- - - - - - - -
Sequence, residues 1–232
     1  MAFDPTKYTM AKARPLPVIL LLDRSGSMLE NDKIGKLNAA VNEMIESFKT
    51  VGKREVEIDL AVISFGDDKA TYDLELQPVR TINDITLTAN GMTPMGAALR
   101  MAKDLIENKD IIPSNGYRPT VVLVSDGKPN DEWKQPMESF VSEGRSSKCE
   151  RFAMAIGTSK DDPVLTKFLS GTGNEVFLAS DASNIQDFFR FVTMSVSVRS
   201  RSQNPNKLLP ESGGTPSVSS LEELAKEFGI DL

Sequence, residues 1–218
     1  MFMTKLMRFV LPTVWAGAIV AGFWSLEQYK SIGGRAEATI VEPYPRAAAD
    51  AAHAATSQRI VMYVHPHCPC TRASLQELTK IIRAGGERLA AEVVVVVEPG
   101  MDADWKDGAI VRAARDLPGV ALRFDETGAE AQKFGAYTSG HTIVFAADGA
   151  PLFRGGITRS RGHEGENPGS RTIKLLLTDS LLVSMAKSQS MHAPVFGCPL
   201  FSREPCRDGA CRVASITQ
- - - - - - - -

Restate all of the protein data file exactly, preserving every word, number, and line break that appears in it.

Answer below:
Sequence, residues 1–232
     1  MAFDPTKYTM AKARPLPVIL LLDRSGSMLE NDKIGKLNAA VNEMIESFKT
    51  VGKREVEIDL AVISFGDDKA TYDLELQPVR TINDITLTAN GMTPMGAALR
   101  MAKDLIENKD IIPSNGYRPT VVLVSDGKPN DEWKQPMESF VSEGRSSKCE
   151  RFAMAIGTSK DDPVLTKFLS GTGNEVFLAS DASNIQDFFR FVTMSVSVRS
   201  RSQNPNKLLP ESGGTPSVSS LEELAKEFGI DL

Sequence, residues 1–218
     1  MFMTKLMRFV LPTVWAGAIV AGFWSLEQYK SIGGRAEATI VEPYPRAAAD
    51  AAHAATSQRI VMYVHPHCPC TRASLQELTK IIRAGGERLA AEVVVVVEPG
   101  MDADWKDGAI VRAARDLPGV ALRFDETGAE AQKFGAYTSG HTIVFAADGA
   151  PLFRGGITRS RGHEGENPGS RTIKLLLTDS LLVSMAKSQS MHAPVFGCPL
   201  FSREPCRDGA CRVASITQ